Retired An Post employees waiting on cost-of-living pension increase for eight months

More than 7,000 retired An Post employees have been left waiting on fully funded cost-of-living increases to their pensions for eight months due to an “excessively cumbersome and lengthy” Government approval process, according to one of the unions in the sector.

The total increases, awarded in three phases – all overdue now – are worth just over 8 per cent. With average pensions at An Post for those with 40 years’ service put at €320, this would amount to increases of more than €25 per week.

Those affected will be due modest lump sums when the payments are approved largely based on 5 per cent of the increase being backdated to January 1st, 2022.

Seán McDonagh, general secretary of the Communications Workers Union (CWU), has written to both the Taoiseach and Tánaiste seeking their intervention with Minister for Communications Eamon Ryan and Minister for Public Expenditure Paschal Donohoe, both of whom are required to sign off on the increases before they can be implemented.

The union argues that neither the Government nor An Post will be required to contribute in any way to the payments which will come out of a pension scheme fund with a current surplus of €580 million.

“It is unacceptable that An Post pensioners, who are getting on in years and on fixed incomes, have been left waiting for nearly nine months for the pension increases they are due. They have been left to endure an excessively cumbersome and lengthy process to approve pension increases. They should not be left waiting for the pension increases they are entitled to and frankly deserve better,” Mr McDonagh wrote to the Taoiseach and Tánaiste.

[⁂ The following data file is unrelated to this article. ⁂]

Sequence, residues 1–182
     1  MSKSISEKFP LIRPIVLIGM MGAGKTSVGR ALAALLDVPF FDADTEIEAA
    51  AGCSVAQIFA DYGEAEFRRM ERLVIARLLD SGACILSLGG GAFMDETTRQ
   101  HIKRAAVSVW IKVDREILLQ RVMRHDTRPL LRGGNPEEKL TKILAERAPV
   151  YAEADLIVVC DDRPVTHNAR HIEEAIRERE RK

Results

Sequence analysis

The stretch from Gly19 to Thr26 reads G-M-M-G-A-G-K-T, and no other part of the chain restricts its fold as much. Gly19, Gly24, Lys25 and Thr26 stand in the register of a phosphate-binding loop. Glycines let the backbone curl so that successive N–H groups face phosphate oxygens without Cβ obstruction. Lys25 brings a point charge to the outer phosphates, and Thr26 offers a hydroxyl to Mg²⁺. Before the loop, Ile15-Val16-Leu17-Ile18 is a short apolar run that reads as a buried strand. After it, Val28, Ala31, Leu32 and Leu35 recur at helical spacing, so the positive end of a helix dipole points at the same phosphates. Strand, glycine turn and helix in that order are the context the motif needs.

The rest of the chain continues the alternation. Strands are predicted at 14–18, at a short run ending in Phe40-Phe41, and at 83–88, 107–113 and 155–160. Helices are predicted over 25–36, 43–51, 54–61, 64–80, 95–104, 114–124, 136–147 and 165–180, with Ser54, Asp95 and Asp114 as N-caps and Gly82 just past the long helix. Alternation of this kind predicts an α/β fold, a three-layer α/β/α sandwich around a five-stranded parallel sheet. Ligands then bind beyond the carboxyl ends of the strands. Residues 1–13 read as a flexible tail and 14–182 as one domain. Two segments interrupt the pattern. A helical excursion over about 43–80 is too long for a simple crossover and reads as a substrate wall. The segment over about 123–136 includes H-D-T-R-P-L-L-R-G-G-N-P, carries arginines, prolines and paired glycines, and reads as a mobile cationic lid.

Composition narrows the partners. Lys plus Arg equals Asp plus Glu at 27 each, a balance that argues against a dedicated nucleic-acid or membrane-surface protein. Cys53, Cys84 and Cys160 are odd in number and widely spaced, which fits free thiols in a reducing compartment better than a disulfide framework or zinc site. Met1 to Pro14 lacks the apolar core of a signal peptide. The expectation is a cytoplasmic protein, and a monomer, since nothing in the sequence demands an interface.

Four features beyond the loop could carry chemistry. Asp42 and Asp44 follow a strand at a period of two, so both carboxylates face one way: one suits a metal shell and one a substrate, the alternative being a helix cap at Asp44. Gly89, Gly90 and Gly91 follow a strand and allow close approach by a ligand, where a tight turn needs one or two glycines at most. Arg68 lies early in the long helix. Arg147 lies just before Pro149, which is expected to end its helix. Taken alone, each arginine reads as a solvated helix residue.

Speaking to The Irish Times, he said: “From the departments’ perspective, this just requires someone to sign off on it, it could be done with the stroke of a pen. There’s no risk here. The Government isn’t going to be paying out a penny, the company isn’t going to be paying out a penny either. The money is verified as sitting in a bank waiting to be paid to the individuals. And it doesn’t apply to anyone else so there’s no concern over: ‘Well, what’s going to happen with other groups?’

“So what we have asked is for the Taoiseach and Tánaiste to help by going to the Ministers and ask them to move this on, give the approvals, get the thing off the books and let these people spend the few bob because in the current environment they need it.”

Asked about the process, a spokesperson for the Department of Communications said: “It should be recognised that the time taken for the pension approval process is necessary, to ensure that robust governance procedures are in place.

“Following receipt of the requests from An Post, there were queries which required further follow up with the company. There is a shared responsibility for the Department of the Environment, Climate and Communications, the Department of Public Expenditure, NDP Delivery and Reform, and NewEra [the organisation that provides financial and commercial advice to Government Ministers and Departments in relation to State companies] in processing any such consent requests.

“A report has been submitted by NewEra. The standard process for approval is now being followed. Consideration of the consent requests is well-advanced.”


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